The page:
Book Reviews

Book Review: Blood of Assassins by RJ Barker

BloodOfAssassins

Oh Girton…

I feel I can now fully appreciate that hashtag.

For those of you who have stumbled into this review and aren’t aware, Blood of Assassins is RJ Barker’s tortuous (in a good way) follow-up to his debut Age of Assassins (are you picking up the theme?)

The assassin Girton Club-Foot and his master have returned to Maniyadoc in hope of finding sanctuary, but death, as always, dogs Girton’s heels. War rages across Maniyadoc, with three kings claiming the same crown – and one of them is Girton’s old friend Rufra. With threats on every side, Girton hurries to his friend’s aid – though his greatest enemy of all remains closer than ever.

Blood of Assassins had a very different feel to its predecessor, but at no point did this feel accidental. Gone is the fresh faced Girton I fell in maternal love with; his gently sarcastic rapport with his Master, his obedient yet questing mind. We are presented this time with a Girton who is growing, who has been changed since last we saw him but who clearly has a lot of growing still to do!

RJ has taken such a big risk with this book; for me, it paid off, but I think knowing he was purposefully taking a risk helped a great deal with that. Girton is quite frankly a pain in the arse in this book; he is possibly the most accurate depiction of a teenage boy I have ever read. You cannot deny that RJ is quite clearly a master of nuanced character portrayal. Girton is jealous, utterly focused on his own hardships, whiny – it felt like it was no secret, as the other characters picked up on it, berated or made fun of him for it, so it was lovely that I didn’t feel alone. This blinkered self obsession constantly got in his own way (hence the sighing of “oh, Girton…“) and endangered those around him; hormonal assassins are dangerous. Every now and again, RJ would feed you some hope,

“She was more scared of me than she was of the Nonmen, and I felt small and cruel.”

So, aside of already being aware this was leading up to something, I felt there were hints in the story that redemption was possible. That this was merely a painful and frustrating phrase. Where it got exciting, of course, was that we were running out of time for Girton to get his act together.

As I said, it was risky, but absolutely worth it. I felt invested in this book in a way I hadn’t with Age of Assassins. This is a character I’m seeing grow up before me and he’s dragged me through hell. My heart bled for him last time, and because of him this time. I feel like my emotions have been manipulated and toyed with by the most expertly devious of cats imaginable.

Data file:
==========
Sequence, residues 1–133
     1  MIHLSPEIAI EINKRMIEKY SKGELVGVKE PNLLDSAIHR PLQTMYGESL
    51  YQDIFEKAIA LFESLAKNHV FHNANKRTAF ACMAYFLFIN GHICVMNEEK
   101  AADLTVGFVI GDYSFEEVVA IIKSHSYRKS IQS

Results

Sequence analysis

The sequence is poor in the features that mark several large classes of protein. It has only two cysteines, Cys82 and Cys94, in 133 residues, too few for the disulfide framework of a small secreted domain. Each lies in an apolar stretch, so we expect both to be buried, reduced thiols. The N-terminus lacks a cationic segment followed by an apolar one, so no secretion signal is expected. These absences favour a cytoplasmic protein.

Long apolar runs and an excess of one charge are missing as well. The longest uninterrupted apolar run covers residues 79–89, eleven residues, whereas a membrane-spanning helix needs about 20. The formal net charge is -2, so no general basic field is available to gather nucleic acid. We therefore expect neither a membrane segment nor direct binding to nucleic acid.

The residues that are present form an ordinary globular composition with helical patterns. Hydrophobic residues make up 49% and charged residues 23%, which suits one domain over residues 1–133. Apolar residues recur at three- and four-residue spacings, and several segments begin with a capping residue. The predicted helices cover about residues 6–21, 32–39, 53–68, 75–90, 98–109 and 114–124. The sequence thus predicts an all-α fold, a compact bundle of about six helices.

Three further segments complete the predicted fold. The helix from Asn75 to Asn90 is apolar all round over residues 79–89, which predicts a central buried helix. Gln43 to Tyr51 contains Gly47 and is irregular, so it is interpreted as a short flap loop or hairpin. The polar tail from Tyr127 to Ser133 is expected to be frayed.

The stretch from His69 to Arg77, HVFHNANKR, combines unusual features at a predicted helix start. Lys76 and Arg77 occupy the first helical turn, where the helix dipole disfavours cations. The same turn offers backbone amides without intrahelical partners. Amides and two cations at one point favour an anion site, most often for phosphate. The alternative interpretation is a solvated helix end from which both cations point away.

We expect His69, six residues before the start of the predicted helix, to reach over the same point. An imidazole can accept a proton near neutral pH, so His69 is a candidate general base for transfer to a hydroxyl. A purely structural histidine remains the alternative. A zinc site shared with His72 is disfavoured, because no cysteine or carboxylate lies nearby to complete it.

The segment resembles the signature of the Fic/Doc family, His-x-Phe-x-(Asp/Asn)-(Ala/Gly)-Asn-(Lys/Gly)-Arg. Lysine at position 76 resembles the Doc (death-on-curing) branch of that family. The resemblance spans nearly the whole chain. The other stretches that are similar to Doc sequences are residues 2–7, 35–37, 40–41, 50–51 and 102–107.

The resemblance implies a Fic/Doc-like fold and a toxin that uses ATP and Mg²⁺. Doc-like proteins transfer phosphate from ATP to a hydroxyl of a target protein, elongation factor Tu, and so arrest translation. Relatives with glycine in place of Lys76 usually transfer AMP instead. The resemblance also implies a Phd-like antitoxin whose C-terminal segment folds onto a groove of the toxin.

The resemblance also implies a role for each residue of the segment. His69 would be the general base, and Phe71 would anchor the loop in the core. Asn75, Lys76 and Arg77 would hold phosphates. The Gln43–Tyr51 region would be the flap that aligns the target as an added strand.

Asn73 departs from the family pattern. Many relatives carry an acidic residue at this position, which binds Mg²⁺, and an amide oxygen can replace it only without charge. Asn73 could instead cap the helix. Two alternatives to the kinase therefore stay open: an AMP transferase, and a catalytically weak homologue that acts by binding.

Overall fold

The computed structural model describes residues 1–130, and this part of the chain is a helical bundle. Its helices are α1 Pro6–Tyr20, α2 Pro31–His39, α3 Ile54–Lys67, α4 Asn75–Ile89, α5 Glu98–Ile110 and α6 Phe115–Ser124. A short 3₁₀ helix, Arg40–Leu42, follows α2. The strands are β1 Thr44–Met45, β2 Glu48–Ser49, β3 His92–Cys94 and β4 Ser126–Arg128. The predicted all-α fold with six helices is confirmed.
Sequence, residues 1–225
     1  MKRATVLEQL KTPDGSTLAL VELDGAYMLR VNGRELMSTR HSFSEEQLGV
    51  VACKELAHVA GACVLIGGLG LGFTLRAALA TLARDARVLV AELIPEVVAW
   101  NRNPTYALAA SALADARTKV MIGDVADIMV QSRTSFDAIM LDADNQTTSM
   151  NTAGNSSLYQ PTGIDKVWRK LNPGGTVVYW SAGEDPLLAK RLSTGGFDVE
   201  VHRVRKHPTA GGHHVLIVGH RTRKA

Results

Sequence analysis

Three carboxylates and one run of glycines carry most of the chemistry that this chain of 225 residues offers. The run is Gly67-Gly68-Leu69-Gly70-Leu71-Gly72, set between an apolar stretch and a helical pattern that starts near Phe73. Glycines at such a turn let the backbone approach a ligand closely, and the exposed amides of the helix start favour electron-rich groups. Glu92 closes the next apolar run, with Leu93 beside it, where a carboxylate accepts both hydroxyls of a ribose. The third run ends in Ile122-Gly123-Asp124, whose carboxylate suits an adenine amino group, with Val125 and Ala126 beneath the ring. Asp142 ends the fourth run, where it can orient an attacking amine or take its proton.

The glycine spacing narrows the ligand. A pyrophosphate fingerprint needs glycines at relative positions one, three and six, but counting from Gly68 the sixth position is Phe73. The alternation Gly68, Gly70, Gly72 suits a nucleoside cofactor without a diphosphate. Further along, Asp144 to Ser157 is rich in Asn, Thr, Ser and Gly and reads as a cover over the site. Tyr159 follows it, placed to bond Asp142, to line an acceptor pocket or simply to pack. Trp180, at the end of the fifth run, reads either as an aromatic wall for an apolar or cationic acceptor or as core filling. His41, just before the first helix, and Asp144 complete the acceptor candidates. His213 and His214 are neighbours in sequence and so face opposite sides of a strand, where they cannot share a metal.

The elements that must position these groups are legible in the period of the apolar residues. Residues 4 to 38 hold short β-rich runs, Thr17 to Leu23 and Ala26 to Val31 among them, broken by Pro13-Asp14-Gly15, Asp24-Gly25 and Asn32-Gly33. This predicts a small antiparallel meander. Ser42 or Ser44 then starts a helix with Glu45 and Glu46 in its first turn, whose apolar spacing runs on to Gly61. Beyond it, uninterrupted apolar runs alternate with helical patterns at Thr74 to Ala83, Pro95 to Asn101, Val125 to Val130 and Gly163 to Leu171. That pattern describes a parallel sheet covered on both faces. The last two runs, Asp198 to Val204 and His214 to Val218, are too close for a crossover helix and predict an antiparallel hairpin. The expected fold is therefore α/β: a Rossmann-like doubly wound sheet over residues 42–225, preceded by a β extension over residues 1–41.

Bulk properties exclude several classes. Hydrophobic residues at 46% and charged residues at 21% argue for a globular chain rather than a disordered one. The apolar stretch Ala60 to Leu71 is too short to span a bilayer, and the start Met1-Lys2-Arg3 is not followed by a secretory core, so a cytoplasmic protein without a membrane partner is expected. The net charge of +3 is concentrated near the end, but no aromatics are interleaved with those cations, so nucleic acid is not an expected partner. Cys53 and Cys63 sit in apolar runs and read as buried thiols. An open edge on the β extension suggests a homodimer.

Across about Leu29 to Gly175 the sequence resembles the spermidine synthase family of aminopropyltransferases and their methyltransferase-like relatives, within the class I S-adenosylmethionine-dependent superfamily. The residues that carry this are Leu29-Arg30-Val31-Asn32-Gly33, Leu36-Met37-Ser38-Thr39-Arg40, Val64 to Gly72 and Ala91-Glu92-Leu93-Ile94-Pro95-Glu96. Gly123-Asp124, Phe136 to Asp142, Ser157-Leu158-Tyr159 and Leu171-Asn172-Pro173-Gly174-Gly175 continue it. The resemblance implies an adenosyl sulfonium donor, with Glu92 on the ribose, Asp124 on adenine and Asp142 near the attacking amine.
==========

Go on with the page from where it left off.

[Highlight for spoiler: The moment Girton learned to be self-aware, to accept not only what he was but what he would never be, I broke down: “he was a good man in a way I was not sure I could ever be.”]

I really ought to make you aware of the fact that there is a great deal more to this book than just Girton: The Teenage Years. There is a new mystery to solve, and just as with the first book I struggled to unravel it because of the innocence of our first person narrator; again, the prejudices and suspicions of our narrator muddied the waters for me here. Am I suspicious of this character, or is Girton? Or are we both? Am I supposed to be? Or am I supposed to be judging Girton here for his inability to let go? Or is that just what RJ wants me to think? It was a merry dance that I jigged right to the very end (Reader, I gasped aloud like some offended Edwardian housewife).

Justice was quite a major theme throughout this book, and although it never felt like moralising in any way, I did enjoy the commentary on social hierarchies and the difficulties facing those who desperately want to make a change. The fear of the outsider raised its ugly head, the fear of progression and change, and religious diversity. Whenever this series is discussed, it’s always in terms of its (incredibly strong) protagonist (or antlers of course); but know this is backed up by an exciting plot, a pace which builds and builds, very well depicted battles and an increasingly dark and sinister magic system. Oh! And why has no-one mentioned the fact Girton invents forensics??

Blood of Assassins ticked so many boxes. RJ is going from strength to strength and I’m frankly a little scared of what King of Assassins is going to put me through.


Related posts:

AgeOfAssassins

Book Review: Age of Assassins by RJ Barker.

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